'Star Trek: Discovery' Is A Lot Of Fun (And A Little Confusing) For 'Trek' Newbies

(We are running two reviews of Star Trek: Discovery – one from an old school Star Trek fan and one with less experience in this iconic universe. Here is the second of the two reviews.)

Star Trek: Discovery feels like J.J. Abrams' Trek films.

Your mileage may vary on whether or not that's a good thing. For me, a non-Trekkie whose familiarity with the universe doesn't really extend beyond the original series timeline, I had no idea what to expect with this new series. But my enjoyment of the Abrams movies – including the Justin Lin-directed Star Trek Beyond, which Abrams produced – was enough to carry me through the first two episodes of Discovery with a basic understanding. If you're also a non-Trekkie looking for a series gateway, this is a good place to start.

Though even I can tell the fabric of Discovery lacks the quintessential optimism of Trek creator Gene Roddenberry. This is a series about war, and how war breaks down the good people involved. To that effect, the magic chemistry that made Team Spock and Kirk gel seems disparate here, though perhaps necessarily. The crew aboard the Shenzhou (the titular Discovery doesn't appear in the premiere) fight and bicker, their camaraderie consistently tested. This is, again, in tandem with the plot, but I do wonder why this sort of story was the desired choice of the creators. The wonder and joy of space travel would be a welcome respite from our frantic reality – I worry that public interest in Discovery might taper off should the show remain as grim-dark as this premiere. (Although maybe a hope-fueled Trek wouldn't hold up in the Game of Thrones era of television.)

Warning: spoilers for the first two episodes lie ahead, so if you haven't seen the show yet, beam out of here and come back to read it after you've caught up.

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If there's one thing Discovery does borrow from Roddenberry, its a dedication to diversity. The series follows First Officer Michael Burnham, played by black actress Sonequa Martin-Green, who is truly excellent as a Vulcan-raised human, in the vein of Spock. Michael is on the path to her own command when we first meet her, walking through a Mad Max-esque dessert with Captain Phillipa Georgiou (Michelle Yeoh). The relationship between the two is lovely – full of trust and compassion – and I was eager to follow their story this season. Unfortunately, Phillipa dies in episode 2, and the season trailer teases Jason Isaacs as the primary Captain role of the season. I'm sure he'll be great, but I did groan at an Asian woman dying so that a white man can step in. I have to hope that Phillipa will pop up again in flashbacks, which the show is already using liberally. And I'm still thrilled that we get to follow Michael on this journey – her masculine name and styling feel decidedly non-binary, which is another neat bit of representation cloaked in Starfleet attire.

Admittedly, Discovery started to lose me when it got heavy into history stuff that I'm sure means a lot to dedicated fans, but washed over me entirely. I have only a passing knowledge of the Klingon race, so the opening sequence didn't grab me, and their new design seemed at silly ends with the heavy dialogue they were passing off. I don't know how I feel about them as the season's Big Bad – it seems like a deliberate choice to keep newbies engaged, as Klingons are the most familiar Trek villains, but I don't know that it really works. They don't feel sustainably interesting at this point, and though their pseudo-religious vibe could make for some fascinating real-world parallels, I imagine the long subtitled sequences could drive people away more than it might rope them in.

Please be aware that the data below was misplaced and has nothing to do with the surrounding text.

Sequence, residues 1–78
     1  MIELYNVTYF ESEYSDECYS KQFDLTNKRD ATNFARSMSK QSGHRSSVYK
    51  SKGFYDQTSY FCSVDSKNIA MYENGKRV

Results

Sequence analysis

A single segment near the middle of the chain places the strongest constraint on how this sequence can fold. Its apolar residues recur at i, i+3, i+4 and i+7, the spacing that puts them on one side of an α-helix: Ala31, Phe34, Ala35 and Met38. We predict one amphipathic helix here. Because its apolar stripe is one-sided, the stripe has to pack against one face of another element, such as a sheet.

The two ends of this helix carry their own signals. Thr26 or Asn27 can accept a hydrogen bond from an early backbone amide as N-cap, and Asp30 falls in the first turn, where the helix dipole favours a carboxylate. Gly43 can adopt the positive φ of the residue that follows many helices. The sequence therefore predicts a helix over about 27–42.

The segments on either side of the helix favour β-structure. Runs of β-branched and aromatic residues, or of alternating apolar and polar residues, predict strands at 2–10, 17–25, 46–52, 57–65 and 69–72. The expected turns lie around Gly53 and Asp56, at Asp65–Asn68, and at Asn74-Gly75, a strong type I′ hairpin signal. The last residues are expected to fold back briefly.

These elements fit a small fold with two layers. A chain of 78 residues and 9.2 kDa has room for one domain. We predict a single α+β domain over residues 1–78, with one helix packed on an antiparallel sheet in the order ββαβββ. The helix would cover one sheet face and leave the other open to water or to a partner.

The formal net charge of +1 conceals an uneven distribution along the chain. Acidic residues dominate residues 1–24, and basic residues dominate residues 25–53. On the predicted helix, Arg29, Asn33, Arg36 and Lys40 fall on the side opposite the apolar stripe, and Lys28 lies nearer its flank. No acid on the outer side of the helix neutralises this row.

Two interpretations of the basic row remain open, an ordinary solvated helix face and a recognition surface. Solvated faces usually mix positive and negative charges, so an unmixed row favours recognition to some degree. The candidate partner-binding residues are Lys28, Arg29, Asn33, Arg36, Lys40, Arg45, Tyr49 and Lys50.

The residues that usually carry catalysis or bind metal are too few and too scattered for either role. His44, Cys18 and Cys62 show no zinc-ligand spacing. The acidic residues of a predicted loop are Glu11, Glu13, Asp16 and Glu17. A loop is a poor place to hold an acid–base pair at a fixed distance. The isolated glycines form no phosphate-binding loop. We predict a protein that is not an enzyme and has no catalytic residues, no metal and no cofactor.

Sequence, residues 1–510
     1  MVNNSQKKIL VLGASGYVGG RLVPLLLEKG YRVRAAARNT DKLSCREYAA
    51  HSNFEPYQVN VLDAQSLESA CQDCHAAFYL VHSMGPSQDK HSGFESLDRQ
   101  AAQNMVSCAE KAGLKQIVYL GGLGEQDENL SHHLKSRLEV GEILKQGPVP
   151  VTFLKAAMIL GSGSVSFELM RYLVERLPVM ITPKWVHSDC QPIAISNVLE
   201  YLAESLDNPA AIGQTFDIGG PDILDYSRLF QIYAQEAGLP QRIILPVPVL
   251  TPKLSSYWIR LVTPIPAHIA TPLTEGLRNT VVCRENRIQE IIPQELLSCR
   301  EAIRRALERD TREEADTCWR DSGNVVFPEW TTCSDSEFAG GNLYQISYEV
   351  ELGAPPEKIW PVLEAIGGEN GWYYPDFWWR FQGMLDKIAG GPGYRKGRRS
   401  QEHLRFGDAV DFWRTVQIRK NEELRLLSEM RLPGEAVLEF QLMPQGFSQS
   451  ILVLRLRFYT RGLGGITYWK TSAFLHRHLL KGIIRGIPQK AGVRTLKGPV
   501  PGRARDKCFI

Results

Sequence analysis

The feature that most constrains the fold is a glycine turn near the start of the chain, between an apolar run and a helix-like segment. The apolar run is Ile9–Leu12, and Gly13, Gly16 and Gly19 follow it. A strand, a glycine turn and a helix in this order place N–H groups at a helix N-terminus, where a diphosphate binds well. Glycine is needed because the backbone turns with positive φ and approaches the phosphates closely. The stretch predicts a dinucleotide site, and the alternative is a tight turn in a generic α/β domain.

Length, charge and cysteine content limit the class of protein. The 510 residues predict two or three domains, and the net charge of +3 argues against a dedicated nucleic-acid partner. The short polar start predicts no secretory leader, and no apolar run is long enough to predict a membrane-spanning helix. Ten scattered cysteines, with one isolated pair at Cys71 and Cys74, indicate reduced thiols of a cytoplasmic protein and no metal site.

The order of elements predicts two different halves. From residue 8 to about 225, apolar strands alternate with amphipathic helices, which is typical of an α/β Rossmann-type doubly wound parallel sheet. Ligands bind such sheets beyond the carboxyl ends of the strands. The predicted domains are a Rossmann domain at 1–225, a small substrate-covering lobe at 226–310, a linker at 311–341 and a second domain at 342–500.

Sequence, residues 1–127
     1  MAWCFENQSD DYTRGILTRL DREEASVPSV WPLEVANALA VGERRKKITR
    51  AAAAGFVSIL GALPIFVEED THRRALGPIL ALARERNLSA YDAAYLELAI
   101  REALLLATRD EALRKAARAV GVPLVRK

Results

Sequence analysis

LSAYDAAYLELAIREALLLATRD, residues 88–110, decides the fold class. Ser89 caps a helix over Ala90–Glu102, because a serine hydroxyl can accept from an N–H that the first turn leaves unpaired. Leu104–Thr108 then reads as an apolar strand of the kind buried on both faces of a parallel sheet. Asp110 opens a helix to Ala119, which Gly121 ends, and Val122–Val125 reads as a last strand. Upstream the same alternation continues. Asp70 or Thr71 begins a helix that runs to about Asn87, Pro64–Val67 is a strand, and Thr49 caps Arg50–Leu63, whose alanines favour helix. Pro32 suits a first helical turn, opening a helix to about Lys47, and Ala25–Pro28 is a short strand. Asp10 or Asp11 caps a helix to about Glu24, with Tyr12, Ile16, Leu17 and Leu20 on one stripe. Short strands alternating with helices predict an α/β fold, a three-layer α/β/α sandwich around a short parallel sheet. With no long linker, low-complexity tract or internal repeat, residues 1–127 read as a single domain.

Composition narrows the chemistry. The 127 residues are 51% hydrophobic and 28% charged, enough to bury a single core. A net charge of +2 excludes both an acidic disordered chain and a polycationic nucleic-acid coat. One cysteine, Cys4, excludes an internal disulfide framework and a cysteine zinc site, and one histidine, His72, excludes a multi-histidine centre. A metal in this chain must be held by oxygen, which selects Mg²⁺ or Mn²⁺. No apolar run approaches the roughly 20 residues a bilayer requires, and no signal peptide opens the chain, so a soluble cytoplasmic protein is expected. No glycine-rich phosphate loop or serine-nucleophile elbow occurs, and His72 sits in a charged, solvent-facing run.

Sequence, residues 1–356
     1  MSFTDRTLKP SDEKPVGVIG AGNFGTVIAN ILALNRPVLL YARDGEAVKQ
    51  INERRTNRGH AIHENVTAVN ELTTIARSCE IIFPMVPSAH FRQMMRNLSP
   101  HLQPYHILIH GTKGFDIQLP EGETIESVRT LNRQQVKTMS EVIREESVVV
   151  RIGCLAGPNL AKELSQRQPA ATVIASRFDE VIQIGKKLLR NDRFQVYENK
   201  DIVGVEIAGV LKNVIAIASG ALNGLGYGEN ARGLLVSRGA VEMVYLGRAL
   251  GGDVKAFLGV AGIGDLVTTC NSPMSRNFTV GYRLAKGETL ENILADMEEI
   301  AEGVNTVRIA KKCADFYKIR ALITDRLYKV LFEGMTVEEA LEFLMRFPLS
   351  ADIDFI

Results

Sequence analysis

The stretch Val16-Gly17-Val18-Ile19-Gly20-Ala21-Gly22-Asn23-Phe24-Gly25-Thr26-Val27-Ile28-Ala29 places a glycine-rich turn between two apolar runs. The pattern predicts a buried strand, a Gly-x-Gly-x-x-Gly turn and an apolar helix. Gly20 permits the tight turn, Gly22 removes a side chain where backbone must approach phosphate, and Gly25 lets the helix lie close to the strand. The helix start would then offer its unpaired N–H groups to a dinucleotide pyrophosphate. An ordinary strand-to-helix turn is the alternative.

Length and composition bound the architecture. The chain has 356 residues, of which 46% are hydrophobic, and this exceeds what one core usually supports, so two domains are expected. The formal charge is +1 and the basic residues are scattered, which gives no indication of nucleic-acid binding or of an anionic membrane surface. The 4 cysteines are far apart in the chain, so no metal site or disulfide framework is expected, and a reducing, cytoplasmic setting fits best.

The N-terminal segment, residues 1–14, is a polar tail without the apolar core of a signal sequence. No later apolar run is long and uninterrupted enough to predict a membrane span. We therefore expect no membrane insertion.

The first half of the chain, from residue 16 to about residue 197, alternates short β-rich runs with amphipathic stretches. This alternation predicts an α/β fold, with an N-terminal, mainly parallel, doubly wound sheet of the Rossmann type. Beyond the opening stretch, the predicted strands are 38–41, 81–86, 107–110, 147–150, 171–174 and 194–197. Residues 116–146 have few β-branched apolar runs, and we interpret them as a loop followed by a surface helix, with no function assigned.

I was also unaware until looking it up that Michael's Vulcan mentor is the father of Spock (did I miss a line of dialogue?) – which seems odd, given the proximity of this series to the original. Does that mean Michael and Spock grew up together? Did Spock have a sort-of sister this whole time? Even as a non-fan, I worry at how this bit of information might affect the pre-established canon, and I also worry that Discovery might lean too heavily on it as a bit of connective tissue. If this were the J.J. Abrams nu-verse, it might be a neat way of getting a Zachary Quinto cameo down the road. As it stands, the series is set in the prime universe, so it feels a little off.

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Which brings me to my overall thought about Star Trek: Discovery: Why isn't this set in the new universe? I know it'd be a major gripe of long-term Trekkers, but this series already feels like it was created less for them than for a new era. The cinematic look of the show, the serialized story, how closely it aligns with the original series, and the flashy reliance on scope and cliffhangers all feel like products of the new Trek movies anyway. Why not lean in? Maybe that's just the sort of thing a non-Trek person would say, but it feels like a sticking point. The polished look of Discovery is going to make for an odd coupling with the original series anyway – it seems smarter to avoid that entirely and go boldly into the new canon. For now, Discovery is having its cake and eating it too.

All that said, would I recommend the show to other Trek newbies? Sure, but with hesitation. I felt a whisk of excitement as the second episode ended with Michael's imprisonment, and the season trailer looks beautiful and promising. The premiere feels like the precursor for what could be a lush and thrilling new series. But if Discovery keeps laying into the well-known but not exactly indelible lore, it may lose me and I imagine the others looking for an easier way in. It has promise, and I mostly enjoyed the two hours I spent in the Trek universe, but it'll have to work hard to justify that CBS All Access subscription in the coming weeks.